Turkmen are believed to have their roots in a
merger between Turkish and Mongolian clans. This clan
association must have settled in the area of
present-day Turkmenistan around the end of the 7th
century. At the beginning of the 13th century, the
Mongol ruler Genghis Khan laid down the area, and in the
19th century it was colonized by Russia. In 1924,
Turkmenistan was incorporated as a sub-republic in the
Comprehensive guide to and popular abbreviations of Turkmenistan, covering history, economy, and social conditions.
Archaeologists have found about 4,000 years of
writing in excavations in the Turkmen capital of
Ashgabat (Aşgabat). The finding suggests that Central
Asia already had a high civilization at that time,
comparable to Mesopotamia in an area that today belongs
to Iraq. This was hundreds of years before the Chinese
developed their writing.
The Turkmen are considered to be descended from a
Turkish-Mongolian clan association that settled in the
area of Turkmenistan at the end of the 7th century AD.
There was then a Muslim Persian population. Disputes
arose between the two peoples. The term Turkmen appeared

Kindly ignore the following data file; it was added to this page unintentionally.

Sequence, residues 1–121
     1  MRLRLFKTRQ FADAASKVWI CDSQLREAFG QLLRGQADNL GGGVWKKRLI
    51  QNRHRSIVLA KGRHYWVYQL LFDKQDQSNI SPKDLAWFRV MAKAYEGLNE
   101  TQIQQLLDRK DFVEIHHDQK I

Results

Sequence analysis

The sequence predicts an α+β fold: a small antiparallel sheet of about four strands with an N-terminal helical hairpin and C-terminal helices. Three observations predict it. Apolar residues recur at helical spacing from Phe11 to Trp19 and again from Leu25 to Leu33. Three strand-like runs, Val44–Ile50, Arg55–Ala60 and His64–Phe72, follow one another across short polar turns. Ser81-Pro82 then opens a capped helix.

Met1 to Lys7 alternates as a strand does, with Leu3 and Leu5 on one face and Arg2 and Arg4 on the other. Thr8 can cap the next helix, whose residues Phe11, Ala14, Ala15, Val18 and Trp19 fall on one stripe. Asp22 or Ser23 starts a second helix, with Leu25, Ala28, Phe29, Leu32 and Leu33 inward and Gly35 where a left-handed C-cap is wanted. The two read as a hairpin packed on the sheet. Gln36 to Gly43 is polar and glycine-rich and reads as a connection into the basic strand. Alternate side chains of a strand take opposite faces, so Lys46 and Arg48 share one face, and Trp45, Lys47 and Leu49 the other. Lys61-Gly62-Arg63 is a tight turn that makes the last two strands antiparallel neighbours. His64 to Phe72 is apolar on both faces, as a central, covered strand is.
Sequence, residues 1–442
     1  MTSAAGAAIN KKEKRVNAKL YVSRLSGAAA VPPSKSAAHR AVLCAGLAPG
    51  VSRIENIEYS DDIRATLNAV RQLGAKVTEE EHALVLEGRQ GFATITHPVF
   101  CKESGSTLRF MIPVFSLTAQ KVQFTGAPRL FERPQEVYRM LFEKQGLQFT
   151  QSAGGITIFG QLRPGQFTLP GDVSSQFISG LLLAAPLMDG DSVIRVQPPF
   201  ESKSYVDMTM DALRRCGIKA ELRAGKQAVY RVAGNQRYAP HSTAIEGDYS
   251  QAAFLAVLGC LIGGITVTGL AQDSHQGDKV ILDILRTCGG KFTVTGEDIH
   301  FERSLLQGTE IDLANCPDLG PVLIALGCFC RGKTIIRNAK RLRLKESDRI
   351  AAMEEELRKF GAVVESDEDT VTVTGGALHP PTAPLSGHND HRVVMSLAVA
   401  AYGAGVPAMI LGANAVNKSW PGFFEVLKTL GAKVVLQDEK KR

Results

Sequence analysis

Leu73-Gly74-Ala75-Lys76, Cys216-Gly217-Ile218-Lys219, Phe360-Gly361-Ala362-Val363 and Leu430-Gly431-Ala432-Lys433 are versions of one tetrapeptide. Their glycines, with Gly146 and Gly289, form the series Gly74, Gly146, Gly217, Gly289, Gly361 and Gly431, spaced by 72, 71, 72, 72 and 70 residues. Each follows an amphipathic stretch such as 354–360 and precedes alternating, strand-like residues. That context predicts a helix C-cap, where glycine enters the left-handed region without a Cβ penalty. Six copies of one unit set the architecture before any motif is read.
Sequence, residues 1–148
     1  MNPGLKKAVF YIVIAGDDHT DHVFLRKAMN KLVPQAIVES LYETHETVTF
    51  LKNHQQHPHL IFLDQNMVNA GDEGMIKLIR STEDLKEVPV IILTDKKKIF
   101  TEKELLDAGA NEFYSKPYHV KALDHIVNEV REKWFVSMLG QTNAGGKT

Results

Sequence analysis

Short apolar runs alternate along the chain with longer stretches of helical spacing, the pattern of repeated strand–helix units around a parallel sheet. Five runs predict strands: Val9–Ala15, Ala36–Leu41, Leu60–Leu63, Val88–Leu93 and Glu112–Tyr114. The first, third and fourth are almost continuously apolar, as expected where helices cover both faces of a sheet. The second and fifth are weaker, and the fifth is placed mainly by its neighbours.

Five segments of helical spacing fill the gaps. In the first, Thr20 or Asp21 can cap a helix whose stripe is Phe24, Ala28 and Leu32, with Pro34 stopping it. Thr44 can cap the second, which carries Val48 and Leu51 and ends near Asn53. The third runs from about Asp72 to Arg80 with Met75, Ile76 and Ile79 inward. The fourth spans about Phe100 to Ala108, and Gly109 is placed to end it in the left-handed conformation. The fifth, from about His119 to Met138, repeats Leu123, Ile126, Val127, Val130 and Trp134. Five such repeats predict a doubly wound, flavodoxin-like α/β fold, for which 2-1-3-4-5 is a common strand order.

for the first time in written sources in the 9th century
and was used about people who converted to Islam.
Islamic kingdom in Samarkand
In the coming centuries, power shifted between a
number of dynasties and rulers. At the beginning of the
13th century, Jingi's Khan conquered large parts of
Central Asia. The next great ruler was Timur Lenk, who
himself was the Turk and established a high-ranking
Islamic culture centered in Samarkand. After his death,
the kingdom gradually collapsed.
From the 1400s to the 1700s, the clans in southern
Turkmenistan were under Persian rule, while the clans in
the north belonged to the Khanate of Chiva and the
emirate of Buchara. The Turkmen often revolted but never
succeeded in creating their own state.
At the beginning of the 18th century, the Persians
assumed dominion over the clans in the north. The
nomads' ability to support themselves deteriorated, and
several Turkmen clans gradually began to move into